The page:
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I am Lecturer in the Government Department at Cornell University. I received my BA from the University of Chicago, my MS from Carnegie Mellon University, and my Ph.D. from the University of Michigan. My research interests are in statistical methodology and campaigns and elections. Since joining the faculty at Cornell, I have developed several courses. GOVT 4019/6019 is an introductory probability and applied statistics course oriented towards social scientists either completing their undergraduate studies or beginning their graduate studies. GOVT 3041, "Win, Lose or Cheat, examines the interplay between mass preferences and electoral institutions, the normative standards for judging elections, and the statistical detection of fraud. I also teach a year-long sequence of advanced social statistics courses, GOVT 6049-6079, consisting of four 7 week modules in which we learn how to analyze categorical & panel/multilevel data, and study causal estimation and Bayesian computation.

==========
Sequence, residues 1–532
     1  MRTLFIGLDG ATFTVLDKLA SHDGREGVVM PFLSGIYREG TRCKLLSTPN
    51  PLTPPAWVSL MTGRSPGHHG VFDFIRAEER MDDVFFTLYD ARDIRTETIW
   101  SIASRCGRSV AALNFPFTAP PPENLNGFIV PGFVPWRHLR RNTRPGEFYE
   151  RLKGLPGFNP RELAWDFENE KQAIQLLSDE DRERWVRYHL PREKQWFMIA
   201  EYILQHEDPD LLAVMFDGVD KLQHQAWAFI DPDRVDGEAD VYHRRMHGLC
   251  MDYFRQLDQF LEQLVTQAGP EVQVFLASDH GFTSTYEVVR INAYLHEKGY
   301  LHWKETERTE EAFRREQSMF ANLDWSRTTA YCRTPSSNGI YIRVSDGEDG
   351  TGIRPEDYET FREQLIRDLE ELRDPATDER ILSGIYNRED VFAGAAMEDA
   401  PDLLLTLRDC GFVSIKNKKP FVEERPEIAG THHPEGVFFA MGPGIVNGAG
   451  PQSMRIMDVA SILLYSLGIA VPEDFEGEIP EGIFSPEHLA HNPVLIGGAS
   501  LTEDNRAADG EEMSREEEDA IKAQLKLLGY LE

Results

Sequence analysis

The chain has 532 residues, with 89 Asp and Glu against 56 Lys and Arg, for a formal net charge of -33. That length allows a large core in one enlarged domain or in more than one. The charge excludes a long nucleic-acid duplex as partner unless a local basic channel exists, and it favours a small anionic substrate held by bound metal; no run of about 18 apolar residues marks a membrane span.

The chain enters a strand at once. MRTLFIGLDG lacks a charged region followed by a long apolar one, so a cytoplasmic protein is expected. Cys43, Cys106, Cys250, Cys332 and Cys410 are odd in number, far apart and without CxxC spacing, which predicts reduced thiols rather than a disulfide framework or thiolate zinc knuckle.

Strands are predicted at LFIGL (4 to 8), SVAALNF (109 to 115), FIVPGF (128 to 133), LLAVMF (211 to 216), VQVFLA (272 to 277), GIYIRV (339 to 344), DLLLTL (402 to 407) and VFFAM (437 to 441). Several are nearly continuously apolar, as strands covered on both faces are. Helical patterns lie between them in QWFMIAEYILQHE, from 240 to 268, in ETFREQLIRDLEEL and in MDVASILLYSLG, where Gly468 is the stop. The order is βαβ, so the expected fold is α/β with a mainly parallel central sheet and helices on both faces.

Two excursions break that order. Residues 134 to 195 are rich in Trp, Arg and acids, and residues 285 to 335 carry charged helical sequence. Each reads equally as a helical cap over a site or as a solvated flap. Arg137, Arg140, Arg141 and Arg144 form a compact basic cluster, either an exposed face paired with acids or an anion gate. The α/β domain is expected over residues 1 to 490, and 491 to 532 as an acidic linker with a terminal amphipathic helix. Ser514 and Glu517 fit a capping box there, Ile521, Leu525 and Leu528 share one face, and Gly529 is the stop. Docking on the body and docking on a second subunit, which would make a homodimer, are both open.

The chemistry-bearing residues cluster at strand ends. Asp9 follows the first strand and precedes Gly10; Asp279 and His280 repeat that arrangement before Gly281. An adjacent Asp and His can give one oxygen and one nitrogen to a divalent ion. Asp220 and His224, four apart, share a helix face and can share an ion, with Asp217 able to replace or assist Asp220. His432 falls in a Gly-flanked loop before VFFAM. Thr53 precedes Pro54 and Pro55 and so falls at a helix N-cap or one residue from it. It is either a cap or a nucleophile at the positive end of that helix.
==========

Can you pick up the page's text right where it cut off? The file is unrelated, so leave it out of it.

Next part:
- GOVT 2041 : Electoral (mal)practice
- GOVT 4999 : Undergraduate Independent Study
- GOVT 6079 : Advanced Topics Mini-Course
Brader, Ted, and Bryce Corrigan. "The impacts of political campaign advertising." 2011. New Directions in Campaigns and Elections, ed. Stephen K. Medvic. Routledge.
Grynaviski, Jeffrey D., and Bryce E. Corrigan. 2006. "Specification Issues in Proximity Models of Candidate Evaluation (With Issue Importance)." Political Analysis 14(4): 393-420.